End of the cam?

Valve actuatorI spotted an article recently about moving away from mechanical cam-driven valves on engines to computer controlled rapid acting “electro-hydraulic-pneumatic actuators” permitting far more precise control of valve movements without the “part open / part closed” stage of their mechanical counterparts. Why is this innovation important? Simple – it appears to offer a 16-17% improvement in fuel efficiency at a stroke – or to put it another way, a potential 16-17% reduction in CO2 emissions from transport (and any other engine-driven process) if it was adopted worldwide.

Steam engineWhich reminded me about “cams” and changing technology- especially as I have one on my desk as I write this! In my youth (well, for my Engineering Workshop Theory and Practice A-Level) I made a vertical D-slide double acting steam engine which uses a cam to control which side of the piston receives the steam, and which side is open to atmosphere. Because of this, the piston drives in both directions, rather than requiring the flywheel to drive the piston back to the top for older single-acting cylinders – at the time a major improvement in steam engine technology. And, in time, this very simple mechanical gizmo made its way into petrol & oil engines as a simple way to control valve movements, and now, for the first time in literally hundreds of years, we’re now seeing a step-change on the technology.

And made me wonder. Given that a move from a simple but commonly used mechanical system to a precise electronic system can radically alter the fuel consumption of the engines of potentially every car, lorry, bus, boat, ship … etc in use on the planet, where else could a bit of lateral thinking make big changes to our efficiencies, resource use, waste, and emissions whilst permitting us to continue to enjoy our tech-rich lifestyles?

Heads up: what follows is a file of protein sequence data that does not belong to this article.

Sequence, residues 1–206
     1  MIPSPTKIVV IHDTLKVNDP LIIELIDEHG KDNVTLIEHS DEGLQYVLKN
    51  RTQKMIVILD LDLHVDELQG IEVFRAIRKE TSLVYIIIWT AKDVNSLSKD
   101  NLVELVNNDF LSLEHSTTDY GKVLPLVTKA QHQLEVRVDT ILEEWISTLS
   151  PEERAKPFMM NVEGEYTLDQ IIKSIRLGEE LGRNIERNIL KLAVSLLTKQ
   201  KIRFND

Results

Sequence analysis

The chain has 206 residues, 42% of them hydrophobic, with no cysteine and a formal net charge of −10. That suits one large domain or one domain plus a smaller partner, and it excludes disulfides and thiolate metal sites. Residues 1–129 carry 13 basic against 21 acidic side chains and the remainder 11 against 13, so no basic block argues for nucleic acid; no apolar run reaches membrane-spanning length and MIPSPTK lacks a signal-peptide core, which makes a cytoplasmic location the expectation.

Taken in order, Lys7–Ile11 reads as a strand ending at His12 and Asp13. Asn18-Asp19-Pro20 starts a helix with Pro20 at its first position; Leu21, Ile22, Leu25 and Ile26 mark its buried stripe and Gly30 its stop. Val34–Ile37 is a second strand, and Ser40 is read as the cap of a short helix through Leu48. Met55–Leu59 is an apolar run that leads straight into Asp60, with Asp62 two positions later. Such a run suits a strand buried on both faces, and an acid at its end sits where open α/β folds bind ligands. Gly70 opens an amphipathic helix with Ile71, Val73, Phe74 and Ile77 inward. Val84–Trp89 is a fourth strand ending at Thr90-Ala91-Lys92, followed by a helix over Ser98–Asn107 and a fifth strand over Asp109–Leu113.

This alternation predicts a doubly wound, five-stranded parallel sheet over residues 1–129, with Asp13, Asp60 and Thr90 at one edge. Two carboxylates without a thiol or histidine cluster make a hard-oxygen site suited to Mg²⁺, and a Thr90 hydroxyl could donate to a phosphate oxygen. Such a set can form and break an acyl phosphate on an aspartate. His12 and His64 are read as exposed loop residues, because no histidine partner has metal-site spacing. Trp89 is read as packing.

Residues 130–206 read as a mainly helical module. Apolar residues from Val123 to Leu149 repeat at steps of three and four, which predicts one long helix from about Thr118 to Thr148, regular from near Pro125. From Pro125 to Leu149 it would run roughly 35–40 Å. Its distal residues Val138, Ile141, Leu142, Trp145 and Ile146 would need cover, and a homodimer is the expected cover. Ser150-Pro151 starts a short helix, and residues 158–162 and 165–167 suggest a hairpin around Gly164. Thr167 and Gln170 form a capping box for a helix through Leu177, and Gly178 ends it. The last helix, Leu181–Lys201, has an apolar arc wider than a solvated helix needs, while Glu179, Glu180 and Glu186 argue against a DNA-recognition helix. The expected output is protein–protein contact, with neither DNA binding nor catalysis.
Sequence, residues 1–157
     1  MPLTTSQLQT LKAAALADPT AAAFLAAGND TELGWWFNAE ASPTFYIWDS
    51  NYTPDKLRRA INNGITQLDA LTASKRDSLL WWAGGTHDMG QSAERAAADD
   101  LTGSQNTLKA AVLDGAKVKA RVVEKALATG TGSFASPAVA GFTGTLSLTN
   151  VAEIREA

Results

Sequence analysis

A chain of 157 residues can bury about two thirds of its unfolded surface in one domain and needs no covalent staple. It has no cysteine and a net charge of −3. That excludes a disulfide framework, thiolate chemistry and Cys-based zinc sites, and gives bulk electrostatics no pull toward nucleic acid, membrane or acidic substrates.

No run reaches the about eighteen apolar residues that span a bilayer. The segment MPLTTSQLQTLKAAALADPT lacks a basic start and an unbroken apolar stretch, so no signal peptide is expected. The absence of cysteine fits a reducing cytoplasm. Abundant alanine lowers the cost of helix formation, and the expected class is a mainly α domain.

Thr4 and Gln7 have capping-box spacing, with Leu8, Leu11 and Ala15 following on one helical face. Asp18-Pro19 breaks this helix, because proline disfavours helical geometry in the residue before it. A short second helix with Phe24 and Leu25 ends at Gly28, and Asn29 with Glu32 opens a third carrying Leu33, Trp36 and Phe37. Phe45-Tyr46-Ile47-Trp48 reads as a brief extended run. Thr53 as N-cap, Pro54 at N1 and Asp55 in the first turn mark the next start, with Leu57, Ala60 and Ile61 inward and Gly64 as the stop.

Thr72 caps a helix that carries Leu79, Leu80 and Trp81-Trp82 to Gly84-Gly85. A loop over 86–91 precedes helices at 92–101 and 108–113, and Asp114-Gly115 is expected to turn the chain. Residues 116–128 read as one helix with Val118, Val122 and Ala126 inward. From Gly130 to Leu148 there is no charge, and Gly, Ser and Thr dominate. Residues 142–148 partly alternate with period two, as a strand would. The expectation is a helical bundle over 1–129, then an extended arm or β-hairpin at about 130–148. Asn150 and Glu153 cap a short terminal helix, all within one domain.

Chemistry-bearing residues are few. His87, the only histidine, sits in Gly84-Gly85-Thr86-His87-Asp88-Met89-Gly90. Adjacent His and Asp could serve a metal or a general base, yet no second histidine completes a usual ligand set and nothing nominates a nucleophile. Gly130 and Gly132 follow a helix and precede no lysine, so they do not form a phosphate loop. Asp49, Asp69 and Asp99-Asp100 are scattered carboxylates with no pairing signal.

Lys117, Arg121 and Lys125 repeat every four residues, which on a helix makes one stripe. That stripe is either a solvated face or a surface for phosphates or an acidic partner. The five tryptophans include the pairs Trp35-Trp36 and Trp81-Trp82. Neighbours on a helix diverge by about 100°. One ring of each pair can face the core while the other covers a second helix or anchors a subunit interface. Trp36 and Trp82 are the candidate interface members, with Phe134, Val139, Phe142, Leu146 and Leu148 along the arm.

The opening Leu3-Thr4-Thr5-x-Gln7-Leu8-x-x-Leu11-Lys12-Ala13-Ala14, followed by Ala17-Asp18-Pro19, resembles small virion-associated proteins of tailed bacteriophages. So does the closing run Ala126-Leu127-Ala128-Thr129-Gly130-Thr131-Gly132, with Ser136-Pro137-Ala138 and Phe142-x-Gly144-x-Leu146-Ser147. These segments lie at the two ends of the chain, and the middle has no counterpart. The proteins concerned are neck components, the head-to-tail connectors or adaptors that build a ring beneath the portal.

Advertisements

60W lightbulb alternatives

The promise of a new LED equivalent to the now-phased-out 60W tungsten filament bulb prompted me to do a quick energy & cost comparison of the original tungsten lamps and the available alternatives. Here’s what I found.

60W tungsten filament lamps lasted approximately 1000 hours, over which time they used 60 kWh of electricity, for which I pay roughly 14p/kWh, or £8.40 over the life of the bulb.

The current alternative, a 13W CFL bulb, varies hugely in cost depending upon where you buy it, but you should be able to get a decent quality one for around £5.00. Over the same 1000 hours as a tungsten lamp, it will use 13 kWh of electricity at a cost of £1.82 – a total cost of £6.82 for the first 1000 hours.

CONCLUSION 1 – Even if you have a stock of unused tungsten filaments bulbs, don’t bother “using them up” – throw them away now and replace them with 13W CFL bulbs – you will save money very quickly.

As a decent CFL can be expected to last around 10 000 hours, the savings get even better, and over its life the total cost of a CFL would be around £23.20, This is equivalent to ten 60W filament bulbs used one after the other (if you had them) which would cost you £84.00 in electricity alone.